Table 3.1   PSD Source Categories with Major Source Threshold of 100 tpy

Fossil-fuel-fired steam electric plants of more than 250 MBTU/h heat input

Coal cleaning plants (with thermal dryers)

Kraft pulp mills

Portland cement plants

Primary zinc smelters

Iron and steel mill plants

Primary aluminum ore reduction plants

Primary copper smelters

Municipal incinerators capable of charging more than 250 tons of refuse/day

Hydrofluoric, sulfuric, or nitric acid plants

Petroleum refineries

Lime plants

Phosphate-rock processing plants

Coke oven batteries

Sulfur recovery plants

Carbon black plants (furnace plants)

Primary lead smelters

Fuel conversion plants

Sintering plants

Secondary metal production plants

Chemical process plants (not including ethanol production by natural fermentation)

Fossil fuel boilers (or combinations thereof) totaling more than 250 MBTU/h heat input

Petroleum storage and transfer units with a total storage capacity exceeding 300,000 barrels

Taconite ore processing plants

Glass fiber processing plants

Charcoal production plants

3.1.1.1  Potential to Emit

PTE is the amount of pollution that a facility is capable of emitting at the maximum design capacity of the facility, except as constrained by federally enforceable conditions. The PTE is determined separately for each pollutant. Federally enforceable conditions are permit restrictions that can be verified, such as installed air pollution control equipment at prescribed efficiency, restrictions on hours of operation, and restrictions on the raw materials or fuel that is burned, stored, or processed. The facility must be able to show continual compliance (or noncompliance) with each limitation through testing, monitoring, and/or recordkeeping.

3.1.1.2  Fugitive Emissions

Fugitive emissions, to the extent that they are quantifiable, are included in the PTE for the sources listed in Table 3.1 and considered in subsequent impact analysis. Fugitive emissions are those that cannot be reasonably collected and passed through a stack, vent, or a similar opening. Examples include particulate matter from coal piles, roads, and quarries, and volatile organic compound emissions from leaking valves, flanges, and pump seals at refineries and organic chemical plants.

3.1.1.3  Secondary Emissions

Secondary emissions are not considered as part of the PTE. They are associated with the source, but are not emitted from the source itself. For example, a production increase from a new cement plant could require increased emissions at the adjacent quarry owned by another company. Increased secondary emissions at the quarry would not be included in the cement plant’s PTE. However, if they are specific, well-defined, quantifiable, and impact the same general area as the cement plant, they would be considered in the discussion of the cement plant’s ambient impacts analysis.

3.1.2  Significant Emission Rates

The significant emission rate thresholds, often called the PSD trigger, for federal NSR for specific pollutants are listed in Table 3.2. In attainment areas, any new or modified source emissions at a major source facility that increases the PTE of any of these pollutants by the significant emission rate triggers the requirement for a PSD permit.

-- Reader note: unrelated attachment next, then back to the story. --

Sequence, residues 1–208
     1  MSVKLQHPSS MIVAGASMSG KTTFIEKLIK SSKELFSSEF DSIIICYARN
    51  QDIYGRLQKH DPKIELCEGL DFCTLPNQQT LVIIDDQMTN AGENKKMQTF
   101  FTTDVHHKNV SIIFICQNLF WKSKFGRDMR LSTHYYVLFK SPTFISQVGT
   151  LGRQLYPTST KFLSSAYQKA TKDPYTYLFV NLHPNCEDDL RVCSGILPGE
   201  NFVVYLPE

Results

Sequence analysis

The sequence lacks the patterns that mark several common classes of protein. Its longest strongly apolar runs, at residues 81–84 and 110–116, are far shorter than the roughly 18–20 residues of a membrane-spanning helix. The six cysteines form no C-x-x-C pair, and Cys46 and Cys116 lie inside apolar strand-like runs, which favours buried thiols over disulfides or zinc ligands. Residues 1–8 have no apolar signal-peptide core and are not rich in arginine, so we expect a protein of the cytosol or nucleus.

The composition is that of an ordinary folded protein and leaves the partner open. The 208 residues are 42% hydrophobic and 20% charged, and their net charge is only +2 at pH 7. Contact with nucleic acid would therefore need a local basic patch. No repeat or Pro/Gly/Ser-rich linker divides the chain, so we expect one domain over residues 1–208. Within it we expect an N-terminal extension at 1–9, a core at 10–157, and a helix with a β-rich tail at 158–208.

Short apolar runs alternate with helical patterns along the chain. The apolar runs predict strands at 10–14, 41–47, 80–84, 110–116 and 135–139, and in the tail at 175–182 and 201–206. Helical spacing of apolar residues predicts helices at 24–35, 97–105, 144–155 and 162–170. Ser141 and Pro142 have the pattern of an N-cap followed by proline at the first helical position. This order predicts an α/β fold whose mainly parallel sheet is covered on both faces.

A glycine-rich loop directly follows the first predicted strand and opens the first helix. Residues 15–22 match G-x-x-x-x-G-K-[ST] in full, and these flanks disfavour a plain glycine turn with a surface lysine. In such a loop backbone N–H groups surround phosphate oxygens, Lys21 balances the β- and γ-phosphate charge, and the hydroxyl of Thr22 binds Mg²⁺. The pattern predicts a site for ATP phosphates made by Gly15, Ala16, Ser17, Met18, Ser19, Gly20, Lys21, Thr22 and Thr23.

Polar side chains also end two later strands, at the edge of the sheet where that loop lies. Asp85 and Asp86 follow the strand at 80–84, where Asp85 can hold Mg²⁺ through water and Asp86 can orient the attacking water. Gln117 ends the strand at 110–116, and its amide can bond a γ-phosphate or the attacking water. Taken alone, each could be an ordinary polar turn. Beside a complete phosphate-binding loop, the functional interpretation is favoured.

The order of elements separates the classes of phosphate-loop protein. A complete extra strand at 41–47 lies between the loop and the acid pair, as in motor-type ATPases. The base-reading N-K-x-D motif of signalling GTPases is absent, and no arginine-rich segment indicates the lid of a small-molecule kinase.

Table 3.2   Significant Emission Rates for Federal New Source Review

Pollutant

Significant Emission Rate (tpy)

Carbon monoxide

100

Nitrogen oxides (all oxides of nitrogen)

40

Sulfur dioxide

40

Particulate matter

25

PM10

15

PM2.5

10

Ozone (as volatile organic compound or nitrogen oxides)

40

Lead

0.6

Fluorides

3

Sulfuric acid mist

7

Hydrogen sulfide

10

Total reduced sulfur compounds including H2S

Municipal waste combustor organics 3.5 × 10−6

Municipal waste combustor metals 15

Municipal waste combustor acid gases 40

Municipal solid waste landfill emissions 50

10

There is a second criterion for significant emission threshold. If any new major stationary source is constructed within 10 km of a Class I area and if the potential emissions would increase the 24-h average concentration of any regulated air pollutant by 1.0 μg/m3 or more, then a PSD review is triggered.

3.1.3  Modification

A modification is generally a physical change or a change in the method of operation that results in an increase of air pollutant emissions, and an NSR for a modification is treated in the same way as for a new source. Existing sources that are not modified generally are grandfathered with no change in their existing pollution controls, although existing sources in NAAs may be required to install reasonably available control technology (RACT) for criteria pollutants, and existing sources of hazardous air pollutants may be regulated by the maximum achievable control technology standards for hazardous air pollutants as discussed in Chapter 2.

A modification is subject to PSD review only if the existing source is a major stationary source and if the net emissions increase of any pollutant emitted by the source is equal to or greater than the significant emission rate. The regulations do not define physical change or change in the method of operation precisely. However, they specifically exclude certain activities: